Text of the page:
What Size Air Conditioner Do You Really Need?

I’m a huge baby about temperature, and fans sometimes just don’t cut it. So in the midst of a recent heatwave I decided I was going to bite the bullet and get an air conditioner. But when I started researching online, I found myself confused by the various units’ cooling and efficiency numbers, with prices seemingly directly correlated with each. I didn’t really know what any of them meant. Given the size of my apartment, how big of an air conditioner did I need?

“Many people buy an air conditioner that is too large, thinking it will provide better cooling. However, an oversized air conditioner is actually less effective — and wastes energy at the same time,” explains the very helpful Energy Star website.” Air conditioners remove both heat and humidity from the air. If the unit is too large, it will cool the room quickly, but only remove some of the humidity. This leaves the room with a damp, clammy feeling. A properly sized unit will remove humidity effectively as it cools.”

Luckily, there’s a convenient chart for figuring how much A/C power one needs for a room.

Area To Be Cooled (sq. feet)

→ Capacity Needed (BTUs per hour)

100 up to 150


150 up to 250


250 up to 300


300 up to 350


350 up to 400


400 up to 450


450 up to 550


550 up to 700


700 up to 1,000


1,000 up to 1,200


1,200 up to 1,400


1,400 up to 1,500


1,500 up to 2,000


2,000 up to 2,500


My air conditioner was for my living room, so I measured the room with a handy tape measure. It’s not the most exact measurement in the world, but it’s close enough. My living room is roughly 330 square feet, which the chart tells me means I need an AC unit with a capacity of 8,000 BTUs per hour — which was way less than I expected.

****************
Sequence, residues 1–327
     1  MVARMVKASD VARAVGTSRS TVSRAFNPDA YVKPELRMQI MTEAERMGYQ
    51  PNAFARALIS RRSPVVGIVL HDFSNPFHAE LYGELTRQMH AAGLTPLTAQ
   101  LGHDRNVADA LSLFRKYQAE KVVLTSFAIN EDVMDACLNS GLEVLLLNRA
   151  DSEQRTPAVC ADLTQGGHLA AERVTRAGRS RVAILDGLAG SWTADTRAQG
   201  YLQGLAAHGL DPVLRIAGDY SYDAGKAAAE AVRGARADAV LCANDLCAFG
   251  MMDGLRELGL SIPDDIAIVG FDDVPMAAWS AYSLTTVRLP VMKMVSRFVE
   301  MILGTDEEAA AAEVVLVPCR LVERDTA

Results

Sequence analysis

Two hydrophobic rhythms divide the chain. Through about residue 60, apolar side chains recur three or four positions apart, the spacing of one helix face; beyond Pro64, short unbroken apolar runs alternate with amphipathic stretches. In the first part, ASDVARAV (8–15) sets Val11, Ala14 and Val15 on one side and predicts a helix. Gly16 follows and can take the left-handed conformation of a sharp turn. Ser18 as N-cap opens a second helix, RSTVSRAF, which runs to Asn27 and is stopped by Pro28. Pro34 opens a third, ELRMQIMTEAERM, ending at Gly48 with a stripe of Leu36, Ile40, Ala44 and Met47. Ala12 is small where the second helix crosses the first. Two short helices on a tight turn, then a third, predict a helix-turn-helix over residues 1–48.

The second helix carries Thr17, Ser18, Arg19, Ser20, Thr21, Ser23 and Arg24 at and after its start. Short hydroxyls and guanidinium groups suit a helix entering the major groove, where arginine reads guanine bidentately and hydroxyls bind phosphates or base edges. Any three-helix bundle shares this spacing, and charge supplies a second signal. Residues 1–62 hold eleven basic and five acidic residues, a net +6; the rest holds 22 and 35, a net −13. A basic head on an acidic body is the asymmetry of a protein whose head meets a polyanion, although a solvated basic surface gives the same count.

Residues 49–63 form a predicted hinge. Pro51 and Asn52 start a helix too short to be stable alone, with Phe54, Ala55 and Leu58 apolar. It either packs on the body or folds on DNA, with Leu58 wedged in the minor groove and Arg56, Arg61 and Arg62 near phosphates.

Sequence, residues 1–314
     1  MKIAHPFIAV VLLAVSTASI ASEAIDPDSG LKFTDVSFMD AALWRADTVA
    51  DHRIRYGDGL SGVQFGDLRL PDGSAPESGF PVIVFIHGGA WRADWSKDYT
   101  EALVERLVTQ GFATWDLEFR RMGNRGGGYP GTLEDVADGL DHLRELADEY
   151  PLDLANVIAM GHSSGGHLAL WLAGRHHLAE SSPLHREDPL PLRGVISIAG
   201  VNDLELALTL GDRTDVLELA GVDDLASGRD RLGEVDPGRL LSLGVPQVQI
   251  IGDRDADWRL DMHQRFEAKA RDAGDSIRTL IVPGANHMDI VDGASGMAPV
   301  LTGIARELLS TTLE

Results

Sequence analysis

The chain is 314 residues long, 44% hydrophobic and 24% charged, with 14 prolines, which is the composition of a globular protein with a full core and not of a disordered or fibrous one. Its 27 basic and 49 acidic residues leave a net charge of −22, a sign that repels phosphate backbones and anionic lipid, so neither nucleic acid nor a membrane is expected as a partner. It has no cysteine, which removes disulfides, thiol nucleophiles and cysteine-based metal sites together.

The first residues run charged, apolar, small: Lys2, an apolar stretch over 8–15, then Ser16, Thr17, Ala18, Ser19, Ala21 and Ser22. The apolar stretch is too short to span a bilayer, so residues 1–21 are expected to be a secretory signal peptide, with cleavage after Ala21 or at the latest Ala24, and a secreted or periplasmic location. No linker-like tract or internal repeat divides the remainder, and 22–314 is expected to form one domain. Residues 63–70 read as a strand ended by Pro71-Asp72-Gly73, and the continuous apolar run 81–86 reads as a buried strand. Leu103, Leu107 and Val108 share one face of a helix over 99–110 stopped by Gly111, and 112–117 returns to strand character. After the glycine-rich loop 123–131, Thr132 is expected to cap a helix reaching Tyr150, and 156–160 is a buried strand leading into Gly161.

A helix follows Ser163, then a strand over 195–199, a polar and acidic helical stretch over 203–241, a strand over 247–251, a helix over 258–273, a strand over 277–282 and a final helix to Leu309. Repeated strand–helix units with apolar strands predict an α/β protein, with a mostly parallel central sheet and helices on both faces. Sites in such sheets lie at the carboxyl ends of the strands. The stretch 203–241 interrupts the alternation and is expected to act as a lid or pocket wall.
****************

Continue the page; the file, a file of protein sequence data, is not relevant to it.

Of course, a room’s environment doesn’t just depend upon square footage. In some cases there might be environmental issues to be aware of. For example:

  • In very sunny rooms, increase the necessary capacity of an air conditioner by 10 percent. For very shady rooms, decrease it by 10 percent.
  • If there are often more than two people in the room, add 600 BTUs per person, or make them bring ice.
  • If you are cooling the kitchen, remember that ovens and stovetops put out a lot of heat, and your A/C will have to compensate. Add 4,000 BTUs for any unit you install in this room.

We took a look at the best rated air conditioners —on Amazon, Wire Cutter, and The Spruce, and here are some top picks:

Under 10,000 BTUs

10,000 BTUs and Above

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